WASHINGTON - With the US government shutdown in its second day on Wednesday and no end in sight, a worrisome reality is sinking in on Capitol Hill: The standoff is merging with a much more complex fight in mid-October over raising the federal debt limit.
"We think the issues are converging," Republican Representative Paul Ryan, chairman of the House Budget Committee, told reporters on Wednesday.
Ryan, last year's Republican vice presidential candidate, sees the development as positive, forcing two deadlocked adversaries to come to the negotiating table in the face of a bigger threat than a partially shut-down government
But it could mean the shutdown will not end until the middle of October.
More significantly, the result could be a dangerous and unpredictable fiscal superstorm that may be harder to resolve than the shutdown alone or the 2011 debt limit struggle that sent financial markets plummeting and brought the United States to the brink of default.
The central problem is that congressional Republicans view the debt ceiling as their best chance to negotiate concessions from President Barack Obama, while at the same time, Obama says he will not negotiate around the debt ceiling, as he did in 2011.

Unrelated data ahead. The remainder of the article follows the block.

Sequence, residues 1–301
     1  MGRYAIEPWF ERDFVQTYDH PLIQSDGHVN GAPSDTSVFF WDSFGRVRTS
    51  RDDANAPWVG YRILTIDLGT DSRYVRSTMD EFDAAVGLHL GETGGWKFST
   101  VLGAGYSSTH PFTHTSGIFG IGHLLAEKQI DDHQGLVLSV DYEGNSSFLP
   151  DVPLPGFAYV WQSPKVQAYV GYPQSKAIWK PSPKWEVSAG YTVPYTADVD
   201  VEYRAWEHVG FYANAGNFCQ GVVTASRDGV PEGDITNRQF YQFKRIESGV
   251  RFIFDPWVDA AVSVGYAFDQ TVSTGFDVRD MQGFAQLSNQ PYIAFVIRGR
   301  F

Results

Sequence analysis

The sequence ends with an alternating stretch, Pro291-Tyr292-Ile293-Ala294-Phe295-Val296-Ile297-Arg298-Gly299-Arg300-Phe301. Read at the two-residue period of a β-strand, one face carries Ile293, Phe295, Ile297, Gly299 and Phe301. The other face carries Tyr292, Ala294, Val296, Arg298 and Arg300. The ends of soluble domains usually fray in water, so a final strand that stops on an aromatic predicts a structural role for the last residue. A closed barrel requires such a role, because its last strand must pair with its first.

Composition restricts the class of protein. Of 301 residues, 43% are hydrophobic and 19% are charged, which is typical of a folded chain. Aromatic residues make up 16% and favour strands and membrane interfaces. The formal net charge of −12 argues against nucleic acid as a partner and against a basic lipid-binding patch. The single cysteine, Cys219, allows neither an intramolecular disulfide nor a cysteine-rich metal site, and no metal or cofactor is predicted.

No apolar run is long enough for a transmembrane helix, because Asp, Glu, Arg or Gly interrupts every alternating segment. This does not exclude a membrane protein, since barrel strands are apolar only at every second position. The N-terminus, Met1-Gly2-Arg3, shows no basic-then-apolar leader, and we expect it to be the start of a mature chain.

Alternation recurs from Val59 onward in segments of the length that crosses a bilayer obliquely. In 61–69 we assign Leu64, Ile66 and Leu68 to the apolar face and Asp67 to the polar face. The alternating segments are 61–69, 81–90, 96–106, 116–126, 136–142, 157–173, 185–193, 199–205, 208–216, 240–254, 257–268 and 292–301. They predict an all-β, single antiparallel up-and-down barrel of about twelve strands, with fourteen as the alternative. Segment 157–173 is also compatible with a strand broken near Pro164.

That alone is a recipe for stalemate.
The time frame is equally daunting. The government's $16.7 trillion borrowing cap must be raised by October 17.
Finally, Republicans aim to bring new demands to negotiations that already have deadlocked over Republican efforts to derail or curtail Obama's signature healthcare law, known as Obamacare.
Beyond Obamacare, Republicans have talked about seeking concessions on tax reform, approval of the Canada-to-Texas Keystone XL oil pipeline, a reduction in "sequester" spending cuts on the military along with a long wish list of other Republican priorities.
"I think there will be an even bigger list when it comes to the debt ceiling," said Representative John Fleming, a Louisiana Republican. "We're going to be talking about the Keystone XL pipeline, movement of cuts into entitlement reforms, beginning to adjust sequester," and more.